Surprise! I’m madgeface on Ravelry but my designs are under my real name because I couldn’t figure out how to do it any other way. Before Ravelry, I was active in the Knitter’s Review forums and I remember feeling like joining Ravelry was a betrayal. But I found my knitting group and all of the forums and had a ball. I’m not as active in the forums as I used to be; a lot of my friends who were active have had circumstances change and they no longer have the time to keep up their previous posting pace. I also feel like I’m still searching for the right group; some of them are really prickly and I’m afraid of saying the wrong thing, but the vast majority just don’t hold any interest for me – I’d rather knit or put my energy into this blog or Instagram or Twitter or any number of other things.
Ravelry definitely changed what and how I knit. Before Ravelry, I picked patterns out of books and Interweave Knits or Vogue Knitting and occasionally online. Now, Ravelry’s pattern and yarn databases are invaluable for finding projects. I almost always research a pattern and look at other people’s project on Ravelry before I start knitting. Or I start with the yarn and see what other people have made with it. In turn, I try to include helpful information in my pattern notes.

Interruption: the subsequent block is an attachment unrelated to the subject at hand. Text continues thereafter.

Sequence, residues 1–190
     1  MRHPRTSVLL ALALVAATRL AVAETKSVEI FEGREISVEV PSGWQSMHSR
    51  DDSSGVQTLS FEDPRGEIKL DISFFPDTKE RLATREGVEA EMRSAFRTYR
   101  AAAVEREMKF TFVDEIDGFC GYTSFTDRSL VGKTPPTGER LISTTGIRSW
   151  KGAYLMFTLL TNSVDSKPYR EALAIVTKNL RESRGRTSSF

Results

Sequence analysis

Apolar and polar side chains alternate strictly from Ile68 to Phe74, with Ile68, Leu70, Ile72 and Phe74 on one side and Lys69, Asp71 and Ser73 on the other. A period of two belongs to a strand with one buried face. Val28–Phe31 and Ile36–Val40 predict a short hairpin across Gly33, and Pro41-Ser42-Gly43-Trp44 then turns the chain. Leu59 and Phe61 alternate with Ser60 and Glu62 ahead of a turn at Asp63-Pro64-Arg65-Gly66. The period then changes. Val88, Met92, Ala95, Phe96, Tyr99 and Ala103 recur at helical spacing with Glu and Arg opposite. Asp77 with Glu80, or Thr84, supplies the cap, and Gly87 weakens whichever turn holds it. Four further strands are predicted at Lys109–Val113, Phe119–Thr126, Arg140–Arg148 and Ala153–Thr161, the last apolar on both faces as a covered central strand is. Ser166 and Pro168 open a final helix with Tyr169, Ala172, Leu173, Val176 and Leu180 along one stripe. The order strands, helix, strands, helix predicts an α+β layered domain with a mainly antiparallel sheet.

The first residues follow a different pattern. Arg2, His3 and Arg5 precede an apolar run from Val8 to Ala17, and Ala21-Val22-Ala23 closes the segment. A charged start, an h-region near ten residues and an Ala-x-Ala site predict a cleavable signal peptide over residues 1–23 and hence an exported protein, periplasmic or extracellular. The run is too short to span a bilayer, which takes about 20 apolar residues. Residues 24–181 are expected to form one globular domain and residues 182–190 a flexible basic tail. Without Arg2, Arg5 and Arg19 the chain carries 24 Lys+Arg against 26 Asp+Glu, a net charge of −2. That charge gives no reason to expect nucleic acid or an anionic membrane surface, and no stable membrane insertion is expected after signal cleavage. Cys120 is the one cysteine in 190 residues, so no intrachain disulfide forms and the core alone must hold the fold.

Wow. The last day of the 30 Day Knitting Challenge! I’m going to publish a page later with all of the questions linked to my answers so it’s easier for me (and you, but mostly me) to look back on them all. If you made it through all 30, kudos to you! And if not, here’s an easy achievement for your Friday:
I have lots and lots of tips, but most of them pertain to specific situations or problems. For example, to cable without a cable needle, it helps to hold your knitting below the live row so you’re not pulling out stitches while you’re manipulating the needles. I have a whole board on Pinterest for knitting tips. But then I do have some other general proclamations …
Have patience with yourself and what your hands will do. Knitting is mostly muscle memory and it takes time to train your muscles to do different things.
If there’s something that’s bothering you about your knitting and you’re not sure whether or not to tink back or rip it out, go ahead and tink or rip – if it bothers you now, it’ll still bother you when the piece is finished.
Buy the best yarn and supplies that you can afford.
Learning how to do magic loop with circular needles will save you from having to buy circulars in multiple sizes – just get the longest set you can.
Connect with other knitters in person or online; you’ll learn new things and get to see what other people are working on, which can be really inspiring.
And probably more – I’m always open to questions and helping other people, even if it’s tracking down an answer from someone else or commiserating.
30 Day Knitting Challenge Day 28: Do you do any other crafts besides knitting? What are they, and did learning to knit come before or after learning these other crafts?
I crochet, spin, and weave, though not all that regularly. I’ve also fooled around with felting and fulling, beading, embroidery, sewing (but my sewing machine and I have a hate-hate relationship), and other things, like upcycling Altoid tins. I have an album on flickr with some of those projects, aptly named The Others.